What would become the economic factor of Girls’ and Women’s Baseball – and Softball?

MLB claims that girls and women are significant revenue streams in Men’s Baseball – no question, in Boys Baseball, as the sisters and mothers also have to attend to their brother’s – and father/husband’s – youth playing activity. What percentage of accessories does MLB and licensing partners anticipate manufacturing that are strictly a girl or woman’s version of a shirt, jacket or cap; how much money is generated purchasing these and other boy and men’s versions, intended as gifts for the other half of the population?

How many tickets are intended for girls and women to sit in at the ball park? How many nachos, sushi rolls, garlic fries, hot dogs, cotton candy, hamburgers, kettle corn and cups of soda and beer are ingested by girls and women – those both happy and attentive to the game taking place in front of them; as well as bored and uninterested but having to be there with their brother, father, husband?

Women’s Baseball might generate the opposite demographics – where the boys and men are having to attend, uninterested – but I am not sure about that presumption. Boys and men are acclimated to the game and enjoy it – again, another, generalization, but, one that is mostly accurate and supports the idea that they would probably adapt well to the differences they might experience in a girl or woman’s version of the game.

Softball does not seem to be a viable commercial option to compete with the attention of families for their wallet and pocketbook. Personally, I do enjoy watching it but don’t have a personal connection to the game: no one in hour house has ever embraced it as an alternative to Baseball or any other sport or activities they have shown interest in. That may seem beside the point of whether or not Softball is a viable commercial entertainment option.

There is no doubt that Softball is popular – but why, I have to ask, objectively? I am not being cute: what are the specific attributes of the game that are enjoyed by players; sustain the interest and careers of coaches and their staff; families travel constantly and to distant locations, spending thousands of dollars in communities they may never have heard of before.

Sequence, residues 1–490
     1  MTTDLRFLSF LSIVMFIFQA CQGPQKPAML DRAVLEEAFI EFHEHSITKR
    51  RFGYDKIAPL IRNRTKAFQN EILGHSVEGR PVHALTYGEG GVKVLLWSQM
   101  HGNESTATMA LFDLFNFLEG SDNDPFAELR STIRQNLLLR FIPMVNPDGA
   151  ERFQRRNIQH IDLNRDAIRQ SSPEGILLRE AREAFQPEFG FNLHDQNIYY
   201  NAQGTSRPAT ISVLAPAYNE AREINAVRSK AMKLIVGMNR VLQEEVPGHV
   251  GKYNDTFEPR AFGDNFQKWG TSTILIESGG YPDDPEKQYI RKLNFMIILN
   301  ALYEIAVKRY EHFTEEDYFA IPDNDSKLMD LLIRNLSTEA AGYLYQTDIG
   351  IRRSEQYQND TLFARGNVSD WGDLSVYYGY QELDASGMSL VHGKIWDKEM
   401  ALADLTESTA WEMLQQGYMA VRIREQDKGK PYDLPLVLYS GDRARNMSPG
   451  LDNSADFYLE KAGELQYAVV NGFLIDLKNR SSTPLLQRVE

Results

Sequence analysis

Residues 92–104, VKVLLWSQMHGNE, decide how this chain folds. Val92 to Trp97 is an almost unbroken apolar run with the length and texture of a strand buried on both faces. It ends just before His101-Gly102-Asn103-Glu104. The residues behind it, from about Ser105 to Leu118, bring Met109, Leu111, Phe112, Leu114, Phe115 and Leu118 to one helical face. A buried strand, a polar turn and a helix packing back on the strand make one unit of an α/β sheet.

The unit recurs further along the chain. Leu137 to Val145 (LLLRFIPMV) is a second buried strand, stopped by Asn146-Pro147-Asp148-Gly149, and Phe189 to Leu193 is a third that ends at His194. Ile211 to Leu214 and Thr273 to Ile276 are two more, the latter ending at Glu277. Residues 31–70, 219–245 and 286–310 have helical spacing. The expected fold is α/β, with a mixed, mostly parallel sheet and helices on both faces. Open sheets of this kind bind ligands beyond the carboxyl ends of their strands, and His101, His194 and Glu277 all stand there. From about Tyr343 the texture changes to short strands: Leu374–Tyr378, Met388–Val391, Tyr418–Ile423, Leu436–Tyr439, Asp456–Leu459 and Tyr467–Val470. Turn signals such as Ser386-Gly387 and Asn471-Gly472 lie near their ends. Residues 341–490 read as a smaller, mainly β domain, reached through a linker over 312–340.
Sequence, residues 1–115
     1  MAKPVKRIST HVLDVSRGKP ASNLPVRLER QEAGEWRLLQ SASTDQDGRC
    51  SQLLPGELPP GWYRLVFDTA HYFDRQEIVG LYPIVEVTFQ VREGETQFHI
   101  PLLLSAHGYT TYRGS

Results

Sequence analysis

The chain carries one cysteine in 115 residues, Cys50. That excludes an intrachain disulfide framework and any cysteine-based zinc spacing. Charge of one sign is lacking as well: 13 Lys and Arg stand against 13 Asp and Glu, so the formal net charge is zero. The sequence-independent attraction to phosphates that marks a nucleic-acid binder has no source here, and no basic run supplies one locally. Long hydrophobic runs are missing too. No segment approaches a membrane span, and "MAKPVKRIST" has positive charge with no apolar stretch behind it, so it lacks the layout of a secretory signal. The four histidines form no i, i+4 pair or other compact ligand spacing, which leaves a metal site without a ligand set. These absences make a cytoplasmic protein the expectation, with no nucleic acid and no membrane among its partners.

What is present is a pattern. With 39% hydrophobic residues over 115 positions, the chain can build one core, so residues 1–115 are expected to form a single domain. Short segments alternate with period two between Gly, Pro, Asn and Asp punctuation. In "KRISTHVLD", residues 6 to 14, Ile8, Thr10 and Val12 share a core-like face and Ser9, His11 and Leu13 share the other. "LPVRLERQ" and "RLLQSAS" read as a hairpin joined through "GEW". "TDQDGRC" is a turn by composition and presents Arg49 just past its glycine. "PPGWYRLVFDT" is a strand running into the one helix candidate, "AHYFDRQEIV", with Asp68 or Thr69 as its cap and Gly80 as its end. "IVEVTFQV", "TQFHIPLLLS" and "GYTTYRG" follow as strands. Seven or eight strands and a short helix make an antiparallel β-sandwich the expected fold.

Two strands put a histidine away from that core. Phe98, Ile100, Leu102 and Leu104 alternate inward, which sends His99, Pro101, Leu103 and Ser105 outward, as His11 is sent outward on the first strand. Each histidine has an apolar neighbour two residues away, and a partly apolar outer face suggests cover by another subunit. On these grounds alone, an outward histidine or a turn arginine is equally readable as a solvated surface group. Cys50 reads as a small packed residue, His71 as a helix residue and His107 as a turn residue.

In each case, youth baseball and softball, including High School and College levels: there is the factor of equipment and clothing intended for playing the respective games.

What happens if Softball disappears; Girls and Women’s Baseball ramps up quickly and establishes a norm for society and its distribution of funding: how will it impact both the progression and reliable infusion of money into MLB and Youth Baseball, nationwide, enjoyed and expected from girls and women?

It is unlikely that Softball and Baseball will see an entire drop off of activity and loss in revenue, but:

no doubt, the addition of an entire new industry – or industries – utilizing the same essential resources, such as fields, garment manufacturing; equipment manufacturing; team and scheduling computer software; printers of How To books and rules booklets; marketing all unisex training equipment to three different fields of stick ball, all derived from Baseball…

As Women’s Baseball does exist, today, organized through the International Baseball Federation (IBAF) and within regional, global affiliates, such as the Pan-American Baseball organization, existing sporting goods manufacturers benefit from the marketing opportunities as they sponsor the games, reaping the rewards of sales after the games, by the participants, and their teams, clubs and leagues back home: in both Baseball and Softball.

For the recent 2009 Women’s Baseball Pan-American games in Venezuela, Wilson was the sole equipment sponsor.

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I am going to continue with this blog over time – please chime in with your comments.

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